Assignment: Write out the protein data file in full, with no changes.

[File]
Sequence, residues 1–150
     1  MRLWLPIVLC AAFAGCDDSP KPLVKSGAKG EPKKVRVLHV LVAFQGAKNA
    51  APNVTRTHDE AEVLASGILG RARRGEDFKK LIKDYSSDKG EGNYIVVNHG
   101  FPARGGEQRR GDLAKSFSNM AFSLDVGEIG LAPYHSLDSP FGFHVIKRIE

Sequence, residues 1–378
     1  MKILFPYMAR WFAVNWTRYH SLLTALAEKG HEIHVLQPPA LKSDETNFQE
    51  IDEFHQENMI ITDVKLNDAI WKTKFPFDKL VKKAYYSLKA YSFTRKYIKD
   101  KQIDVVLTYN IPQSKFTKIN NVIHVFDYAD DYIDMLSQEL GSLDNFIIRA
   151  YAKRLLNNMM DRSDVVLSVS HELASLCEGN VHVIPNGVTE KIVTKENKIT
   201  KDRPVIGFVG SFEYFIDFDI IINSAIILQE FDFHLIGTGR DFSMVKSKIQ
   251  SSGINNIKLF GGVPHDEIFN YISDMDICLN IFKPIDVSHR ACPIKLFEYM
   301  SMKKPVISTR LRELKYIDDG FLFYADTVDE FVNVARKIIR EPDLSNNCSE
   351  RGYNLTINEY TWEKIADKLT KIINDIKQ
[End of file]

Sequence, residues 1–150
     1  MRLWLPIVLC AAFAGCDDSP KPLVKSGAKG EPKKVRVLHV LVAFQGAKNA
    51  APNVTRTHDE AEVLASGILG RARRGEDFKK LIKDYSSDKG EGNYIVVNHG
   101  FPARGGEQRR GDLAKSFSNM AFSLDVGEIG LAPYHSLDSP FGFHVIKRIE

Sequence, residues 1–378
     1  MKILFPYMAR WFAVNWTRYH SLLTALAEKG HEIHVLQPPA LKSDETNFQE
    51  IDEFHQENMI ITDVKLNDAI WKTKFPFDKL VKKAYYSLKA YSFTRKYIKD
   101  KQIDVVLTYN IPQSKFTKIN NVIHVFDYAD DYIDMLSQEL GSLDNFIIRA
   151  YAKRLLNNMM DRSDVVLSVS HELASLCEGN VHVIPNGVTE KIVTKENKIT
   201  KDRPVIGFVG SFEYFIDFDI IINSAIILQE FDFHLIGTGR DFSMVKSKIQ
   251  SSGINNIKLF GGVPHDEIFN YISDMDICLN IFKPIDVSHR ACPIKLFEYM
   301  SMKKPVISTR LRELKYIDDG FLFYADTVDE FVNVARKIIR EPDLSNNCSE
   351  RGYNLTINEY TWEKIADKLT KIINDIKQ